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Besides, the band is just as busy adjusting to having its increasingly large families on the road with them, as its four core members now have a total of 10 children ranging in age from 1 to 14. "As the years go by and becoming parents, so much of our energy and time goes into that,” Dumont says. "Time just goes faster and the band becomes nuts."

Still, nearly 20 years after the release of diamond-certified Tragic Kingdom, fan excitement for No Doubt showed no signs of fatigue at Global Citizen. Playing to a crowd estimated to have exceeded 300,000 people on Washington’s National Mall, the band tore through hits like "Spiderwebs," "Hey Baby," "Hella Good" and lighter-waving set closer "Don’t Speak" that connected just as directly with parents and older millennials as it did with their young kids.

Billboard caught up with Young and Dumont to learn more about their 2015 plans, self-managing after Stefani signed with manager Irving Azoff, and why their kids all feel like "cousins" on the road.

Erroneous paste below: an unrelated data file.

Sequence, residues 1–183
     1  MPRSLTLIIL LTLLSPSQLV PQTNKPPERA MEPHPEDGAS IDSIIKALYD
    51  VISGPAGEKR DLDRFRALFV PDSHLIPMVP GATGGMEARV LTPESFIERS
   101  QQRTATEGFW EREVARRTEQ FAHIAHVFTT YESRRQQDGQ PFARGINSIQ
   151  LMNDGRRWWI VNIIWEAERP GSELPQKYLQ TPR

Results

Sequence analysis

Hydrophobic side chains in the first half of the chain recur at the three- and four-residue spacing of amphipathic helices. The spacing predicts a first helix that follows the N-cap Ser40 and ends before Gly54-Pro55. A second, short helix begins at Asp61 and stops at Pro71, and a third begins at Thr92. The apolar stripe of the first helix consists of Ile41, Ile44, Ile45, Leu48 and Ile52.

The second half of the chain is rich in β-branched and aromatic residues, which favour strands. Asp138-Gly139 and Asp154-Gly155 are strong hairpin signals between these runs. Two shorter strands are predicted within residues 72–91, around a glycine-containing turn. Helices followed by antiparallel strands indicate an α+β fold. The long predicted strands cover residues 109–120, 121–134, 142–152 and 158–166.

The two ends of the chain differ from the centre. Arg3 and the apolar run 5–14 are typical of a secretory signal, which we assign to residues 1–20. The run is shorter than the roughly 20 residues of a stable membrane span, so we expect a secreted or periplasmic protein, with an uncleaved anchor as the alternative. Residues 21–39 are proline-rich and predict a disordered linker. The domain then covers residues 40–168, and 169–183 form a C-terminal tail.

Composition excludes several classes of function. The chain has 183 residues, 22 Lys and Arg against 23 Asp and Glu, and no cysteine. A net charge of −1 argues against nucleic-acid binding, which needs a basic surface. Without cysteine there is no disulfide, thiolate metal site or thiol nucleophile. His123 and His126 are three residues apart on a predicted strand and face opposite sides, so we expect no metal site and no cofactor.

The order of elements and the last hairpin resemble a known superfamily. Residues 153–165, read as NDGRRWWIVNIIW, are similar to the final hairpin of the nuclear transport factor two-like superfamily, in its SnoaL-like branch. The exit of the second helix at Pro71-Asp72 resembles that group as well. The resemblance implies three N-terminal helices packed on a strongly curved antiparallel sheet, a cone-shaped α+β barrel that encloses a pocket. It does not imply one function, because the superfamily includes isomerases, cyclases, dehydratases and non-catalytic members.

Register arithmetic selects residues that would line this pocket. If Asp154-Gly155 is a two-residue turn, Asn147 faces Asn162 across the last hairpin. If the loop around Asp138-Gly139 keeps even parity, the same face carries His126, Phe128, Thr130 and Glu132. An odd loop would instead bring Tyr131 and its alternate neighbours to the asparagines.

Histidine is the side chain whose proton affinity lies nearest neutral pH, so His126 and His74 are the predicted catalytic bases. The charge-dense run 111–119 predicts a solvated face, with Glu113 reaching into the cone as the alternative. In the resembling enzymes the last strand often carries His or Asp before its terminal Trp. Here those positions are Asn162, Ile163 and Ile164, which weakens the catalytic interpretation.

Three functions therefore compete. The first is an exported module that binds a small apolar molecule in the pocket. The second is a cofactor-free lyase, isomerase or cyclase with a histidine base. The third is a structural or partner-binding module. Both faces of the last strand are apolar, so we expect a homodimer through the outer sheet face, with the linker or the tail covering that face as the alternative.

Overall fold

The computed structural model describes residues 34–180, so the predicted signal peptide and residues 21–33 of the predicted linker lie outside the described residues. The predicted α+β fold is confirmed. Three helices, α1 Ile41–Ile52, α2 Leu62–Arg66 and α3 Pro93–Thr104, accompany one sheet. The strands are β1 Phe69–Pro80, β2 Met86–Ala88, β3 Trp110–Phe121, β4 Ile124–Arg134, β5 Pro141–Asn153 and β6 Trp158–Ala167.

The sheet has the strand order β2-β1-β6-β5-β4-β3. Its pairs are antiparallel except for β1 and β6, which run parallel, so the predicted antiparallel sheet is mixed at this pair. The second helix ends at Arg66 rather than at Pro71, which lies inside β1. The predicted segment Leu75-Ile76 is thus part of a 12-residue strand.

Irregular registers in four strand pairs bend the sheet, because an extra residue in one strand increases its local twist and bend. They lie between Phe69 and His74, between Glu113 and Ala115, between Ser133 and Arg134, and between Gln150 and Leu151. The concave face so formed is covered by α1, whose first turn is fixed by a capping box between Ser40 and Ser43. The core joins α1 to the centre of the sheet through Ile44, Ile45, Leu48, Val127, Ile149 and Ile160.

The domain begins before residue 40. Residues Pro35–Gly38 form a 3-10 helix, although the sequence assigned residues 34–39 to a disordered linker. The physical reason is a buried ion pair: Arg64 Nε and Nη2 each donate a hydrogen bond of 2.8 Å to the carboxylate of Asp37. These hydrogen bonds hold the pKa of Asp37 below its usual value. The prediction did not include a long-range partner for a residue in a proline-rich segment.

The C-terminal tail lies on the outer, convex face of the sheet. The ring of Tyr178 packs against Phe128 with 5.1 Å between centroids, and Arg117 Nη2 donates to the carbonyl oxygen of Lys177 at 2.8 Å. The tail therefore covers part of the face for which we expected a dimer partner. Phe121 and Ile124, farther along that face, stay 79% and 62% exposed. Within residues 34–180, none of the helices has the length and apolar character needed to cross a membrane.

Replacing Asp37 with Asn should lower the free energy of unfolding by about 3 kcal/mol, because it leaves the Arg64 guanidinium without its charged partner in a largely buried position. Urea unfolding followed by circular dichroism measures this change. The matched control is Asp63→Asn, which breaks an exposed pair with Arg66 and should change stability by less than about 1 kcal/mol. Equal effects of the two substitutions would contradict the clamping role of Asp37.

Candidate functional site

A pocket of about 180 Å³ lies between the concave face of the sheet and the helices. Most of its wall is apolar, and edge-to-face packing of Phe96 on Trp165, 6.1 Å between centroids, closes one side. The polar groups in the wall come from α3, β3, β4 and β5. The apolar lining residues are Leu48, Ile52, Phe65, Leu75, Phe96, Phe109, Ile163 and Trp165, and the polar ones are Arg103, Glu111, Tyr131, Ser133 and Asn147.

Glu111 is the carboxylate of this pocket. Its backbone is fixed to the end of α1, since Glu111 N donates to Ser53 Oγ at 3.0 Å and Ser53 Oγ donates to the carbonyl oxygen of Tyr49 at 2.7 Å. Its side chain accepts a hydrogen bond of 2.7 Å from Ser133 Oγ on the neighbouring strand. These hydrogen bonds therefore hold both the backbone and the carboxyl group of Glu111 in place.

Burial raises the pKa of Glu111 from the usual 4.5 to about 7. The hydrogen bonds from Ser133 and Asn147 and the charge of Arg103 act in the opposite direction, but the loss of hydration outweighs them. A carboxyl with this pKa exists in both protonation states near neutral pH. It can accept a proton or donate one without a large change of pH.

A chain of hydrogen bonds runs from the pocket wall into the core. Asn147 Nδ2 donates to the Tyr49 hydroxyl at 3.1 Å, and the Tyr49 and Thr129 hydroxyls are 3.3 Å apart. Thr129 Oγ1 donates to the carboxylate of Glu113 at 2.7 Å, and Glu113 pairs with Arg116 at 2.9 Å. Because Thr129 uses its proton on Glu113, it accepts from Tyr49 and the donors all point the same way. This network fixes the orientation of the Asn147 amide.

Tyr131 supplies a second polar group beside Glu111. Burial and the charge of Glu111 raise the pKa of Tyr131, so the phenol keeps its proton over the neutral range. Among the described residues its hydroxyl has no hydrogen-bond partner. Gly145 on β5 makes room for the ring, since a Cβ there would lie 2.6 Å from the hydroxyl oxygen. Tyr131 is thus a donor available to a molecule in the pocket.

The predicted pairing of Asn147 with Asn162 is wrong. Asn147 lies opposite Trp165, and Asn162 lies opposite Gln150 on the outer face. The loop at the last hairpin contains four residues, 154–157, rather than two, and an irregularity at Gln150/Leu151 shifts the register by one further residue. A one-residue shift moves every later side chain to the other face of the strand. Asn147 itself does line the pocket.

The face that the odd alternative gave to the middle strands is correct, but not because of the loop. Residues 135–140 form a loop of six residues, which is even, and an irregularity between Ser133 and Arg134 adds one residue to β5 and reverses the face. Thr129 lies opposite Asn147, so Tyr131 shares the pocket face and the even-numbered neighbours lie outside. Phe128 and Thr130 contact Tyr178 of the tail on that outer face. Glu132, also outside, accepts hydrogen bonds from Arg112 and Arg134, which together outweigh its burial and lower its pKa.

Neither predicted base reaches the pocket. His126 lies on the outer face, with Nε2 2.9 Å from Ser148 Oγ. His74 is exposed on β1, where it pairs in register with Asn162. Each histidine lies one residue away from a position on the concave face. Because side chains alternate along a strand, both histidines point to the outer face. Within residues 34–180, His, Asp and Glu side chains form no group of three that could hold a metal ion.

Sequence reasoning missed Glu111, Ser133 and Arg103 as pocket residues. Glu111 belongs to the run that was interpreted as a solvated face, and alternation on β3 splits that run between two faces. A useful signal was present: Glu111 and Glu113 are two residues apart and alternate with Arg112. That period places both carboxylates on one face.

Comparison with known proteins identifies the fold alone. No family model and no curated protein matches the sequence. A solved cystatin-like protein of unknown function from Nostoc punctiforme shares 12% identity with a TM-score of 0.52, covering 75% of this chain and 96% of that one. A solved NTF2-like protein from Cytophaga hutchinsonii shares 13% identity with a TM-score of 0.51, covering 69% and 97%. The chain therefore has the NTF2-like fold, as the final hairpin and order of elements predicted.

BIllboard: This October marks the 20th anniversary of Tragic Kingdom. Did that factor into your festival plans at all?

Adrian Young: Not really. We're aware of it. It feels good, it's quite an accomplishment to have people talk about that record 20 years later. This was just a year to play some festivals.

Tom Dumont: It's funny how life just flies by us if you're aware of that number, 20 years. But it's great.

You played the last Global Citizen Festival in Central Park last September. What made you want to return for D.C.?

Young: It was really Hugh Evans and Global Citizen -- they wanted us to remain a partner. At first I was a little surprised and figured they wanted different acts but they wanted us back. This is a big deal, not only to being a part of it but playing for [over] 250,000 people on the Mall. It's almost too surreal to talk about.

Dumont: Obviously for a band it's a thrill to play in a big place, but you do hope and assume that this raises people's awareness to the festival and this noble goal. That’s what feels good about it.